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Mystery tool


Janito
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I have seen this implement associated with a purfling pick, but I have no idea how it is used.

Can someone please explain how to employ this device.

Is it something all fashionable luthiers should have?

My guess would be it's used to widen the purfling grrove slightly by compressing the wood of the side walls. When the purfling is inserted and the moisture from the glue hits it the walls expand tight against the purfling making for a tighter fit.
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My guess would be it's used to widen the purfling grrove slightly by compressing the wood of the side walls.

That's what I thought, but if it is inserted vertically into the groove, the diamond-shaped 'head' is too long (24mm) and cannot negotiate the curves to the C bout corners.

I have never seen it illustrated in any book showing violin-making tools.

ps - If Bill Yacey's explanation is its intended use, then the diamond shape can be ground shorter to help with manoeuvrability round corners.

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I think the toolmaker's shipping department accidentally learned to associate this carpet making tool with a purfling pick when an ebay seller of carpet- and violin-making tools ordered both at the same time. (The stock-picker got fired for drinking on the job and the box-packager, now promoted, hadn't always read the pick tickets, you see...) They have since been shipping them together and the managers haven't paid enough attention to realize the problem.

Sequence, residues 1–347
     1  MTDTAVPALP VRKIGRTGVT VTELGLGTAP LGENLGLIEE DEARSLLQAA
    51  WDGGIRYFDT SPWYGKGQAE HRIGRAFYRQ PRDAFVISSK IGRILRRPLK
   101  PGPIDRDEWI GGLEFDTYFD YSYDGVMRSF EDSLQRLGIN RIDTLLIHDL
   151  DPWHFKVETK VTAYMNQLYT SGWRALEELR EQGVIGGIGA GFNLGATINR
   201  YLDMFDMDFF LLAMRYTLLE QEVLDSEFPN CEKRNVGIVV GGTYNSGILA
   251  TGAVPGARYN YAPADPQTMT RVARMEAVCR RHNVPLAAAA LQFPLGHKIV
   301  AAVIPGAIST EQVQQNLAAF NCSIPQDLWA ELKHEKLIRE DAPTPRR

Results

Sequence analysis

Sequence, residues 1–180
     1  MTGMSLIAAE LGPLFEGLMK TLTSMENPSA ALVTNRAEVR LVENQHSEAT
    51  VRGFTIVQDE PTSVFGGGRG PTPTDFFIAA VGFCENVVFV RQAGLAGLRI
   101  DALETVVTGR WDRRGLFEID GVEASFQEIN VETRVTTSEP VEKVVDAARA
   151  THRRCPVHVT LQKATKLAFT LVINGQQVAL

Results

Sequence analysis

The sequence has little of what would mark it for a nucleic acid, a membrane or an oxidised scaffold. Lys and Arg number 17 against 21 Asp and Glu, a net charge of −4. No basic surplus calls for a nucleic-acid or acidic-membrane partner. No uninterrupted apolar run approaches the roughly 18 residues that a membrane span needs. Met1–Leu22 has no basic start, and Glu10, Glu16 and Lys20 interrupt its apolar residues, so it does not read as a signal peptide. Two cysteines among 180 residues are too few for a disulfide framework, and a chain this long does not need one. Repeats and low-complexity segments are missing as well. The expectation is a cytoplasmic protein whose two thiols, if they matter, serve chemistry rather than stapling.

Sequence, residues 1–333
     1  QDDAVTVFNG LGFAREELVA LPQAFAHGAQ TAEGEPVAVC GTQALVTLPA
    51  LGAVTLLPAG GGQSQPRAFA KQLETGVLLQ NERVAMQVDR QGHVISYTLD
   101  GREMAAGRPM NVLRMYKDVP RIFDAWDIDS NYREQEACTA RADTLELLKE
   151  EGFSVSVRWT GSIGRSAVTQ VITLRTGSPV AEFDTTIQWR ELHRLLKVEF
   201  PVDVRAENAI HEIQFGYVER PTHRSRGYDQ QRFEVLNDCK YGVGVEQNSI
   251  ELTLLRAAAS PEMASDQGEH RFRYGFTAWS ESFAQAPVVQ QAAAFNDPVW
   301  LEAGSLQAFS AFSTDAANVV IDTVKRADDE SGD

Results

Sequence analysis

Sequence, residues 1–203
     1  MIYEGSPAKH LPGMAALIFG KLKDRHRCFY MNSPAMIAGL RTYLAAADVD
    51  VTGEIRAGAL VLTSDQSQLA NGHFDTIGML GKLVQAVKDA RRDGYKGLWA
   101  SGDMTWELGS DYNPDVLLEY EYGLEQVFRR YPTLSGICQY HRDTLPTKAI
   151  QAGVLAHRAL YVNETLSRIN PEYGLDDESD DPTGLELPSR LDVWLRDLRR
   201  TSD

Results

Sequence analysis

Retailers pass on the package without understanding the second tool simply because that's how it came and they don't understand violin makers anyway so they're not surprised to find they are selling something incomprehensible. See? Simple. :)

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This is called "Caterpillar file"

post-5067-1248112171_thumb.jpg

and this is called "ants file"

post-5067-1248112213_thumb.jpg

Both tools are used by Chinese furniture makers in their crafts. The Caterpillar file is basically made of a few steel scrapers all slided into the slots of its handle. very useful in making straight cuts with hard woods eg, red-wood sticks, and violin fingerboard. The "ants file" is also very similar to the caterpillar file but it's all done in one piece of metal. You can modify you old files into that and use the tool shown in this tread to burnish its teeth.

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It is also small enough to carry to a cocktail party, and it offers the opportunity for the use of the following ice-breaker:

"Hi, would you like to see my strangely-shaped tool?"

Guffaw!

Oddly enough, I've used that exact same line before, thinking to capitalize on the other persons inquisitive nature - and much to my dismay, it never did produce the desired effect...

Go figure!

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